Artwork will chronicle South Pacific voyage

From Ocean Navigator #127
January/February 2003
One of the more difficult challenges facing voyagers who leave behind family, friends and business associates is how to maintain ties with life ashore. Too few connections and you risk assuming the role of Rip Van Winkle upon return; too many connections and you feel as though you’ve never left. Hadley Johnstone, a Newport, R.I., artist who sailed off with her family this past fall aboard their 62-foot catamaran Tribe, has cultivated her own approach. Once per month, Johnstone will be submitting work to the Newport-based gallery Arnold Art as she and her family – she is married to Peter Johnstone and has two school-age children – pursue a one-year voyage to the islands of the South Pacific.

Hadley Johnstone sketches in the cockpit of Tribe, a 62-foot catamaran equipped with a martinized printing press.
   Image Credit: Johnstone Family

Living and Cruising with Art, which will be updated once a month with Johnstone’s landscape paintings, will culminate in a one-year retrospective in November 2003 at Arnold Art in Newport. Tribe is equipped with its own print-making studio – in the guest cabin – which features an Ettan press for developing Johnstone’s landscapes. The press’ parts are constructed of stainless steel to fend off the corrosive effects of the marine environment.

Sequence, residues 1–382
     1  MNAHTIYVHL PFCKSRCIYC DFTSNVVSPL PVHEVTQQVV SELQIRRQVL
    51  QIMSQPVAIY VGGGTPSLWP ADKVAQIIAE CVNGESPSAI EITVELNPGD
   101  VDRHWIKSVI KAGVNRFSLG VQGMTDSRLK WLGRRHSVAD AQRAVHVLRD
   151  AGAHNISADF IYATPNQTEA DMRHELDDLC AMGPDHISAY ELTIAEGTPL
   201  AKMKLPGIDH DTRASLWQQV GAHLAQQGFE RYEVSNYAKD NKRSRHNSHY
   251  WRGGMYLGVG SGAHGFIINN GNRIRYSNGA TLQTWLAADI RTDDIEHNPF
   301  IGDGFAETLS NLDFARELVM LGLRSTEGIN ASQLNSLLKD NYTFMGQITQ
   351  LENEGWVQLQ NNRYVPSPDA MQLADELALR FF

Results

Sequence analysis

Tribe was designed by Morrelli & Melvin, a California firm specializing in multihulls and whose credits include Steve Fossett’s PlayStation, and built in South Africa. (Bill Biewenga’s story about delivering Tribe from South Africa to the Caribbean was featured in Ocean Navigator’s 2002-2003 American Yacht Review, published in September 2002.)

Included in the yearlong exhibit are examples of art made by the Johnstone children. India and Nick, who are in first and fourth grade, respectively, are being home-schooled on the trip. Their artwork will also accompany their mother’s in the monthly dispatches.

Follow the Johnstones’ progress across the Caribbean, through the Panama Canal, and southwest across the Pacific at

By Ocean Navigator